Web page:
24/04/2007 - 22:00

Not-for-profits wary of reclassification costs

24/04/2007 - 22:00

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Not-for-profit groups and associations in Western Australia could be faced with increased administrative costs and a tighter regulatory environment, if proposed legislation becomes law.

Not-for-profits wary of reclassification costs

Not-for-profit groups and associations in Western Australia could be faced with increased administrative costs and a tighter regulatory environment, if proposed legislation becomes law.

 

The state government is currently reviewing the Associations Incorporations Act 1987, and has called for public submissions to a Green Bill.

 

One proposed change that has caused concern for large charities is an increase in the power of the Commissioner for Consumer Protection, to direct that ‘large or complex’ associations be reclassified under other legislation.

 

St Vincent de Paul Society WA president Brian Bull said while he supported the general intent of the reforms, to improve accountability and transparency, the potential for large organisations to be refused classification as an association, according to their asset base or income level, was of concern.

 

“It might be fine for wealthy associations like sporting clubs, but it shouldn’t apply to charitable organisations,” Mr Bull said.

 

While he agreed the commissioner should have the discretion to refuse registration under certain circumstances, the additional costs incurred by becoming a company limited by guarantee, for example, would be a burden for charities. 

 

However, MercyCare general manager finance and administration Peter Jack does not believe the changes will affect the structure of his organisation.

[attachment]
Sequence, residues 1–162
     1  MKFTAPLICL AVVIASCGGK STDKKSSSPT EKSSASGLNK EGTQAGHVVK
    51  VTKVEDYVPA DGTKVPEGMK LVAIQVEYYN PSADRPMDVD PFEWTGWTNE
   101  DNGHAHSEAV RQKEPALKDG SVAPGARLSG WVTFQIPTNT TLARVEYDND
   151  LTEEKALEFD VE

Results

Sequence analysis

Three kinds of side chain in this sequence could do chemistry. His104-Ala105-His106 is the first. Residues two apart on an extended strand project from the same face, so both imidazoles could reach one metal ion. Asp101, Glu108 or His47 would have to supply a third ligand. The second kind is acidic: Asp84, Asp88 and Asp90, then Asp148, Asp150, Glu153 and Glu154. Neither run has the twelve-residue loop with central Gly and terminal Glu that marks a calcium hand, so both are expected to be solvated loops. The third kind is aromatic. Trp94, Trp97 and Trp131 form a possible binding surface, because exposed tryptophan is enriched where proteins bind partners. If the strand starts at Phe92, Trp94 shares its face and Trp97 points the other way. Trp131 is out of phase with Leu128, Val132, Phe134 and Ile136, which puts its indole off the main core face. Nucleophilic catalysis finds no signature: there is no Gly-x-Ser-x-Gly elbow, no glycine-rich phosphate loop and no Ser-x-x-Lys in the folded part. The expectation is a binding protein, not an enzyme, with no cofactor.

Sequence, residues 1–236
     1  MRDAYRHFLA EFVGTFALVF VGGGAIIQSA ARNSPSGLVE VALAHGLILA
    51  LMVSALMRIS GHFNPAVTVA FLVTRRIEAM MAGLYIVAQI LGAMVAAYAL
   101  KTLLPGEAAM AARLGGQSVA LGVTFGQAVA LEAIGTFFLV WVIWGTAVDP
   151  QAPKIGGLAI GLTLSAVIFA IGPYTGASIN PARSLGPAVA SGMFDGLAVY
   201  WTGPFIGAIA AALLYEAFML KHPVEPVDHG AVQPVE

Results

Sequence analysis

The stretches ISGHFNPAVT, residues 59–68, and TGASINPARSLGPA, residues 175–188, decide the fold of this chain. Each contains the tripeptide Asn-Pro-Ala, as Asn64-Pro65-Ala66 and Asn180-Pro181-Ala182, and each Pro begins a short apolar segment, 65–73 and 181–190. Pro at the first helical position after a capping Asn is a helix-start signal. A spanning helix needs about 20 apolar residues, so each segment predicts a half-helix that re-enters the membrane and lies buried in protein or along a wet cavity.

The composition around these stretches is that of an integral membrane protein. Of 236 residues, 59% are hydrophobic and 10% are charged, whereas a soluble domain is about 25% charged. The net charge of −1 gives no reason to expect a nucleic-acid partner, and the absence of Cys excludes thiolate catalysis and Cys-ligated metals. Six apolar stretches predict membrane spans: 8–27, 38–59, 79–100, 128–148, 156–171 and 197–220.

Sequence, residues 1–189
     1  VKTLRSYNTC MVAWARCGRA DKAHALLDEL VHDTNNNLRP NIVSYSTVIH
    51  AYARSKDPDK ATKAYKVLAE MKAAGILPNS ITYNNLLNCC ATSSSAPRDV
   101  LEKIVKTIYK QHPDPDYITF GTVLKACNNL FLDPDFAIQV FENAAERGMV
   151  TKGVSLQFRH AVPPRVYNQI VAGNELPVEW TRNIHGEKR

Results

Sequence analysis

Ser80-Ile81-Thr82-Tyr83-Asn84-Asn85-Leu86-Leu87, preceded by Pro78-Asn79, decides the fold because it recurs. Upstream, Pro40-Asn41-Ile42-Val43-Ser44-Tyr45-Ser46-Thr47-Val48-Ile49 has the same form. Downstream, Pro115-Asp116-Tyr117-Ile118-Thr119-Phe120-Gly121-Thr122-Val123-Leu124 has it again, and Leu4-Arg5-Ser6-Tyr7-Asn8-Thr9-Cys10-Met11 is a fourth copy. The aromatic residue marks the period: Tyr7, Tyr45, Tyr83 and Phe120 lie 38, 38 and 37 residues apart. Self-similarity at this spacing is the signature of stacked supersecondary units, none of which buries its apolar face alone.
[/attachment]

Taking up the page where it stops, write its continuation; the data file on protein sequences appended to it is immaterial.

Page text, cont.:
While MercyCare is a company limited by guarantee, its subsidiary providers – Mercy Community Services and the Mt Lawley Mercy Hospital – are incorporated associations.

 

“We thought we may need to change our incorporated associations to limited companies, but reading the fine print, I don’t think we need to,” Mr Jack said.

 

Surf Life Saving WA chief executive officer Paul Andrew said there were several areas of concern for the organisation, which acts on behalf of its 27 surf life saving club clients.

 

“While I can appreciate the legislation is looking to get greater compliance and some uniformity across the board, we need to be careful that we don’t go through a one size fits all approach,” he said.

 

A proposal to give voting rights to every member of an association is one change that Mr Andrew said would be inappropriate for surf life saving clubs.

 

For the majority of clubs in WA, voting at an annual general meeting is restricted to certain categories of membership; in effect the active membership.

 

“If a club’s constitution and regulations are clear and fair in regards to the voting rights of people, the club should be self-determining,” Mr Andrew said.

 

Western Australian Council of Social Service executive director Lisa Baker said any amendment that added to the financial reporting costs of not-for-profit groups was of concern.

 

“But if there’s some movement in the Green Bill we’d be in agreement that small not-for-profits and charities be given minimum compliance requirements,” she said.

 

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